UPS and the Teamsters Union reached a tentative agreement for a new five-year contract covering 340,000 workers. News of the tentative deal came six days before the July 31st deadline, when UPS workers were planning to go on a nationwide strike.
What’s in the “Historic” Tentative Agreement UPS Reached with the Teamsters
Per a statement from the union, the deal “raises wages for all workers, creates more full-time jobs, and includes dozens of workplace protections and improvements.” Part-time workers will get a raise to at least $21/hour and full-time workers will average $49/hour. With those raises, current workers will receive an additional $2.75 per hour this year and $7.50 an hour more during the five-year contract. In addition, UPS also agreed to start buying only air-conditioned delivery vans (UPS trucks currently don’t have air conditioning), make MLK Jr. Day an official day off, and end mandatory overtime on workers’ days off.
Teamsters General President Sean O’Brien said that the deal is worth $30 billion. In a statement, he said the following:
“The union went into this fight committed to winning for our members. We demanded the best contract in the history of UPS, and we got it.”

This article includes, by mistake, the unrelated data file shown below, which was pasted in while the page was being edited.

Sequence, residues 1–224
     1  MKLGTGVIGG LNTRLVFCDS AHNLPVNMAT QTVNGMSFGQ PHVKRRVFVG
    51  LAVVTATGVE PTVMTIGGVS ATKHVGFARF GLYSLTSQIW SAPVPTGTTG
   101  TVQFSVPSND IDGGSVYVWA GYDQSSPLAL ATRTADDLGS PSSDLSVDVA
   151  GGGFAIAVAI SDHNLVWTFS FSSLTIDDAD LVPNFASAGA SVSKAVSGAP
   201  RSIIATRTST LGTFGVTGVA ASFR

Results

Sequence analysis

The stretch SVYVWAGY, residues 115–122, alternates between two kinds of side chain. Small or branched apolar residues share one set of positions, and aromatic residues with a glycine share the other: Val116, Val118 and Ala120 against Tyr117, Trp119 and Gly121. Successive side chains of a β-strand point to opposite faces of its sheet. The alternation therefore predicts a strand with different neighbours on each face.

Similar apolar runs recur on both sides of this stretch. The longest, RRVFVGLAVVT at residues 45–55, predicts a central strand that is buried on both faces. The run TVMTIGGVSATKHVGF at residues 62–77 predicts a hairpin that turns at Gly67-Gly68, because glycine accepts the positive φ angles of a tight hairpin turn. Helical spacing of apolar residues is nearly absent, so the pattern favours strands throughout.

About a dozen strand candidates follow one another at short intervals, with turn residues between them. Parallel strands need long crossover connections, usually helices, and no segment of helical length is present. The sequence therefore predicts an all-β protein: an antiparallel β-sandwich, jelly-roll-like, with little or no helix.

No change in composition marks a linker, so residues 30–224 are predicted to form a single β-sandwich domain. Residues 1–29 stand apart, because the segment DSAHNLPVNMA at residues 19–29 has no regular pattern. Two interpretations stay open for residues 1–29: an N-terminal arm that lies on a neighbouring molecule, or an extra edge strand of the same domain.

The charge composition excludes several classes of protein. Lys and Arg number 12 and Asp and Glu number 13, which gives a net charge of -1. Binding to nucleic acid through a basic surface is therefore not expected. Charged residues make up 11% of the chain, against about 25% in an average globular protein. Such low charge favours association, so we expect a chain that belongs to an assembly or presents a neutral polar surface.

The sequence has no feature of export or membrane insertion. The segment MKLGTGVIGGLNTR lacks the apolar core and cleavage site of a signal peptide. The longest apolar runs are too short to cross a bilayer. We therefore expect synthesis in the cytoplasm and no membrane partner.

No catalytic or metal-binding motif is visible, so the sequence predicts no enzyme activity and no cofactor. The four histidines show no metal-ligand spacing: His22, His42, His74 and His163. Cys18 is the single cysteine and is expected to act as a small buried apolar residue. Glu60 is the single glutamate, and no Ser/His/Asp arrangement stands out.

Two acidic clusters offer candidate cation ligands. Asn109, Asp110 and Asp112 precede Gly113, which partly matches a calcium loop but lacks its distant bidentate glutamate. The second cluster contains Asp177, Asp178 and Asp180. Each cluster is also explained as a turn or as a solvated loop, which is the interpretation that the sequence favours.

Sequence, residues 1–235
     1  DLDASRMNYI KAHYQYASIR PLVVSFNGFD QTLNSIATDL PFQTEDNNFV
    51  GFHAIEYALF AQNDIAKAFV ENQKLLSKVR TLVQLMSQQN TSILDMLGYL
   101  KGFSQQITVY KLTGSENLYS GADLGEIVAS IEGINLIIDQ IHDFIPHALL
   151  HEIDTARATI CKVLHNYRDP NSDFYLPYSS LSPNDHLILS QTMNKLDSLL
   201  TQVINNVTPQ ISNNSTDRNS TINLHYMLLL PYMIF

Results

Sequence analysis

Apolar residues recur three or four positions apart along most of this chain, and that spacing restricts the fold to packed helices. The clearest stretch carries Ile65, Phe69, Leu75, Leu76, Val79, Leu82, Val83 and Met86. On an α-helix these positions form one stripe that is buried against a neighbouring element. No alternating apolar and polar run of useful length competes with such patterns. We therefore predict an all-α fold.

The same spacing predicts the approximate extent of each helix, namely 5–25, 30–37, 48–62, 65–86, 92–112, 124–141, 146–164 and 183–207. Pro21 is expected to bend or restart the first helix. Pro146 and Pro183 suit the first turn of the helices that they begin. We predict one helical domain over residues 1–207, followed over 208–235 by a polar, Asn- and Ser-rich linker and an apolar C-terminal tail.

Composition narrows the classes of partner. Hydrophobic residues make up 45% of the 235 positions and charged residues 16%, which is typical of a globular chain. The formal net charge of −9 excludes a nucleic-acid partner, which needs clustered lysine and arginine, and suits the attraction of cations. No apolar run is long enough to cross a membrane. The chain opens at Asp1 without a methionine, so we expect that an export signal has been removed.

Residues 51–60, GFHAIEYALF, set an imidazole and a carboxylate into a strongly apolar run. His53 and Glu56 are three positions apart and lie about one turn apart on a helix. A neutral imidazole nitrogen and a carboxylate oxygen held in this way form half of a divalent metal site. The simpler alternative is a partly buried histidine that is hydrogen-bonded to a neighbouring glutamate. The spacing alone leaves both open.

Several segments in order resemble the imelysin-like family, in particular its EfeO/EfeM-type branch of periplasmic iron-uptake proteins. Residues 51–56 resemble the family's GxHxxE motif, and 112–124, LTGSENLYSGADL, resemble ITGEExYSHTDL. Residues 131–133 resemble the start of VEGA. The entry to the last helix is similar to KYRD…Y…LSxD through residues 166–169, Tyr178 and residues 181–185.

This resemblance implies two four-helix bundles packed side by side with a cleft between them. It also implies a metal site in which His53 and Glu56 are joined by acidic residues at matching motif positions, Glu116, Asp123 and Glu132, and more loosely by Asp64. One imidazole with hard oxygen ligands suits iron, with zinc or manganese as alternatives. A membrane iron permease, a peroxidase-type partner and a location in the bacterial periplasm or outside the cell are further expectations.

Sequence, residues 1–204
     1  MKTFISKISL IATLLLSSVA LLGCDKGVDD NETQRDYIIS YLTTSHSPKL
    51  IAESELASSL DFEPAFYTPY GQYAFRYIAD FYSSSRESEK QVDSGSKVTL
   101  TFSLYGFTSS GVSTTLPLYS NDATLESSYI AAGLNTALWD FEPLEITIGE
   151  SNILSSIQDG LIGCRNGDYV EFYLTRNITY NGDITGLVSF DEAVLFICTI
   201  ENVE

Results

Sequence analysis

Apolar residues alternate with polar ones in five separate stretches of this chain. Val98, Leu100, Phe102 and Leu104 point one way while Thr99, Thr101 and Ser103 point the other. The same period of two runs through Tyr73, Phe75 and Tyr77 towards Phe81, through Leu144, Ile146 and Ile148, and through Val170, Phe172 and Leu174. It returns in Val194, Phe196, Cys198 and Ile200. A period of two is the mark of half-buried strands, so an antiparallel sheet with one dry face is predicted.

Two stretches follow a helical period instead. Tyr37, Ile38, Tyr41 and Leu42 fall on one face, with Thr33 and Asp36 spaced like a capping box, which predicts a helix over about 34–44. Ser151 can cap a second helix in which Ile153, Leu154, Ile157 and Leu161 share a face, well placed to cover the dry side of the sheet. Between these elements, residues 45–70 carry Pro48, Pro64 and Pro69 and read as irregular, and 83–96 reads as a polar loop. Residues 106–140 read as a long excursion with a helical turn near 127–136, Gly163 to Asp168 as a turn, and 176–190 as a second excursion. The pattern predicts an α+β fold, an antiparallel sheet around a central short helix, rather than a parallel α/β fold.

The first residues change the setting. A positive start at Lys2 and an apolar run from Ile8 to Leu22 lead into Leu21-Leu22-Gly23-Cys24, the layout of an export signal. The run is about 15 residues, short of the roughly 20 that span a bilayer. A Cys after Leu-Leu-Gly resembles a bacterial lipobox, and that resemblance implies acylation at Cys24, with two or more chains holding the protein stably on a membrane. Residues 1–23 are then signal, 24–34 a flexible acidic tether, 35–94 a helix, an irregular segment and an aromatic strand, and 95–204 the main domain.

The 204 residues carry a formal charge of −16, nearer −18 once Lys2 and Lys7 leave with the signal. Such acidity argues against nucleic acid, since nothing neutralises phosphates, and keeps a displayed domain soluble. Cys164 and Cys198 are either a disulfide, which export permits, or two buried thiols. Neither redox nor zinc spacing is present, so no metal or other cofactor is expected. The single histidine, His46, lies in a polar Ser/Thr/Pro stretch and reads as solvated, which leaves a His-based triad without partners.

Carol Tomé, the CEO of UPS, issued a statement on behalf of the company, saying that the two sides “reached a win-win-win agreement on the issues that are important to Teamsters leadership, our employees, and to UPS and our customers.”
The Agreement Averts a Potential Strike This Summer
Along with USPS and FedEx, UPS is one of the major carriers in the U.S. As such, it is responsible for a significant portion of package deliveries in the country (and the world, overall). A nationwide strike at UPS would have not only upended the package delivery business but would have also strained other industries that rely on timely shipments in order to function properly. Such industries include retail outlets, restaurants, pharmacies, and more.
The last Teamsters strike at UPS took place in 1997. That year, 185,000 UPS Teamsters halted deliveries within the company’s network for over two weeks before they reached an agreement with UPS.
What Does This Mean for My Business?
The fact that UPS reached a tentative agreement means that its business and workers will continue operating past July 31st as normal. Individuals and businesses will still be able to ship their packages at their local UPS Store, schedule pickups, and receive deliveries without interruption. Moreover, discounted postage from UPS will continue to be available to purchase through online shipping software partners.
Shippers should note that the deal must still be ratified to take hold. The Teamsters Union will vote on the contract starting on August 3rd.